Wall-E is Worth Price of Admission

29 Jun

Pixar has done it again, folks. Just when I thought Ratatouille could not be topped, a little robot named Wall E has taken animated film making to a whole new level. Without spoiling the film for you, I will just say that Wall-E is by far the most complex, multi-layered, thought provoking “kid’s” movie ever produced. The film’s producers (intentionally or unintentionally) take on diverse issues such as love, the environment, big brother, corporate America, obesity, our increasing reliance on technology, and more during this breathtaking tour de force.

I have read a lot of reviews on Wall-E, but the one that best describes the film I experienced is the following piece that recently appeared in the latest issue of The World magazine. Sure, your kids will be dazzled by the slapstick humor and cutesy characters, but adults will be challenged to consider the film’s far deeper and more important message.

You have to hand it to Pixar. Since Woody and Buzz Lightyear first charmed audiences in Toy Story, the studio has consistently managed to create characters that are imaginative, intelligent, and hugely popular. Despite the vast sums its movies gross, Pixar has yet to give in to the temptation to churn out a quick copy of a past hit to turn an even quicker buck. Instead, from The Incredibles to Ratatouille, each of its productions feels like a carefully considered original. WALL•E, which hits theaters on June 27, is no exception.

In the last few years, animated movies have been characterized by a kind of hyper-wordplay with the most frenetic comedic actors filling the main roles (think Shrek, Happy Feet, or, most recently, Kung-Fu Panda). Director and screenwriter Andrew Stanton takes WALL•E in a completely different direction. Throughout the film, the last little robot on an abandoned Earth says no more than a handful of words (though he says those few many, many times). Instead, as a near-genius score plays in the background, WALL•E (Waste Allocation Load Lifter Earth-Class) communicates almost entirely with facial expressions and movement.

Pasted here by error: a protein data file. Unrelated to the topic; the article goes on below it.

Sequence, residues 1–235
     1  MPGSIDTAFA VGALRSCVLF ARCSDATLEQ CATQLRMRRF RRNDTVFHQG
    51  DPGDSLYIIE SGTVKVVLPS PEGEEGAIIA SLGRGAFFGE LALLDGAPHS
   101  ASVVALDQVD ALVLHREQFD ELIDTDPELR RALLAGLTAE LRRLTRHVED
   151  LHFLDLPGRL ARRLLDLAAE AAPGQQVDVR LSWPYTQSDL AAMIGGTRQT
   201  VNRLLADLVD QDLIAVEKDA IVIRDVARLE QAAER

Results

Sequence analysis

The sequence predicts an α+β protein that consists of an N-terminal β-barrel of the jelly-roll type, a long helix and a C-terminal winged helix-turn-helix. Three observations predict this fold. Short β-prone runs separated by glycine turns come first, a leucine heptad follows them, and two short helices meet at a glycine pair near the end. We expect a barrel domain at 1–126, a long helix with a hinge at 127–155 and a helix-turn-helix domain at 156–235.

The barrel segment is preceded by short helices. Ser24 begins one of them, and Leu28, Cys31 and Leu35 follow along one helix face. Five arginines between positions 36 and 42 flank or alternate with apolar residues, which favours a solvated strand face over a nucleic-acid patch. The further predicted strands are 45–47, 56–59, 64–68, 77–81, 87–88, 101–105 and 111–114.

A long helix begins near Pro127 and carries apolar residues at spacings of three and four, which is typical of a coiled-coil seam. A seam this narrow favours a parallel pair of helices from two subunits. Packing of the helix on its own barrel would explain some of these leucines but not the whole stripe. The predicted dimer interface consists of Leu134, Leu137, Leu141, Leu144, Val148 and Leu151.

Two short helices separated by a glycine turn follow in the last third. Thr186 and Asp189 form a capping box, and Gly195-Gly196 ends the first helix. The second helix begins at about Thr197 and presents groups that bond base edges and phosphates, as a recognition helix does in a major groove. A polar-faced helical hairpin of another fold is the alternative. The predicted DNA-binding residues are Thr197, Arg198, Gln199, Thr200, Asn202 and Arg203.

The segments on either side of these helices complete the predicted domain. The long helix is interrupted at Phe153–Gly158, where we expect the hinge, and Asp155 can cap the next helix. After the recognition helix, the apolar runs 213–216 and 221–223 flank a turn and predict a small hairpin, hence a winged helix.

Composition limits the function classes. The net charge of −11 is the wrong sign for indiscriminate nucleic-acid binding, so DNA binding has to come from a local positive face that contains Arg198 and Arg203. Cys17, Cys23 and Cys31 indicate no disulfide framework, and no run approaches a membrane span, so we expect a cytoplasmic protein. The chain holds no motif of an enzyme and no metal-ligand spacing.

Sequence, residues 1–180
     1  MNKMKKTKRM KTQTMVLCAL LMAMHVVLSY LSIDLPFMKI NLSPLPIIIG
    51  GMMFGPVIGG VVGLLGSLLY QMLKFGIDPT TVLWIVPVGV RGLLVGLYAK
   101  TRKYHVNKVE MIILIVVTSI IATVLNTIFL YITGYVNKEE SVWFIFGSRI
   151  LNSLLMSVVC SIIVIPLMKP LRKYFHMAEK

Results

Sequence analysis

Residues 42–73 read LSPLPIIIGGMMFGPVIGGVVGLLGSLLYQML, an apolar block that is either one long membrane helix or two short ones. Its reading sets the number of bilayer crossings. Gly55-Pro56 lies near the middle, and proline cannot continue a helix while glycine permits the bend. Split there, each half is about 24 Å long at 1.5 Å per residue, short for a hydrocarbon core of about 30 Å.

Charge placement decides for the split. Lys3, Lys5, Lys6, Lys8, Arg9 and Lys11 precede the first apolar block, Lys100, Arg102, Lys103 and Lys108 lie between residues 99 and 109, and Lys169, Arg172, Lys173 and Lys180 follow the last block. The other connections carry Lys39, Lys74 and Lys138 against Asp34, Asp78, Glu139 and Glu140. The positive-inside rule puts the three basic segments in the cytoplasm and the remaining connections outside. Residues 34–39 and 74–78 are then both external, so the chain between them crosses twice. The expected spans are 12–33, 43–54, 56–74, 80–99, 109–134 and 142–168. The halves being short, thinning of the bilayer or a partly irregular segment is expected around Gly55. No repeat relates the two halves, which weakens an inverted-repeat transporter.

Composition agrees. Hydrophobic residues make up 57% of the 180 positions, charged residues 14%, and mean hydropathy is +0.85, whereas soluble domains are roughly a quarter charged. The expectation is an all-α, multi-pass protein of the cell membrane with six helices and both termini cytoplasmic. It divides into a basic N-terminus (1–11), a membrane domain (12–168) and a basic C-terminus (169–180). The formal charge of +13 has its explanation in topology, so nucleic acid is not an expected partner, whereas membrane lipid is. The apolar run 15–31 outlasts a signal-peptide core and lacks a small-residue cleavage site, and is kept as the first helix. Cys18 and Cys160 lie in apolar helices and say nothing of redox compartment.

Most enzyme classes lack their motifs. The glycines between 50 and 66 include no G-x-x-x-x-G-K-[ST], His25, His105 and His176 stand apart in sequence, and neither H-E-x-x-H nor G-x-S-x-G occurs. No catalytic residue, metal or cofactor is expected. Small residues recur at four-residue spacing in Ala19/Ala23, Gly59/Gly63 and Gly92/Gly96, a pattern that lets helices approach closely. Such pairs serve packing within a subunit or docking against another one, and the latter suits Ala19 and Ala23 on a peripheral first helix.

Even when he meets EVE (Extra-terrestrial Vegetation Evaluator), and leaves Earth to follow her to a densely populated cruise ship in space, the film’s reliance on physicality rather than on words doesn’t change. At times, as the little trash compactor interacts with a delightful array of robots—each manifesting its own unique personality with whirrs and tilts—WALL•E plays like a new breed of silent film.

Another quintessential Pixar quality is how complex its themes tend to be compared to most kids’ entertainment. Not many animated movies are told from the perspective of the parent, like Finding Nemo, rather than child. Nor have many championed achievement rather than fairness, like The Incredibles. And though on the surface WALL•E looks like it’s selling the easiest, trendiest message going today—environmentalism—it’s too smart for that.

True, the foundation for the story is that humanity has left the planet heaped in garbage. But far weightier themes—like how technology distances us from the wonder of creation and how that distance cripples us spiritually—play a bigger role. In fact, if Stanton criticizes people for anything, it’s for worship of leisure. Because they live to be cared for rather than to care, the few human beings WALL•E meets have become, to use Stanton’s words, giant babies—literally feeding on milk rather than solid food. In contrast, WALL•E, the meek little trash collector, accepts stewardship in a way that people have rejected. And because love springs from service, he comes to love the creatures that inhabit Earth. That’s not an environmental message, it’s a biblical one.

Wall-E — the little robot who just might save the Earth

Here is one of Pixar’s trailers for the film

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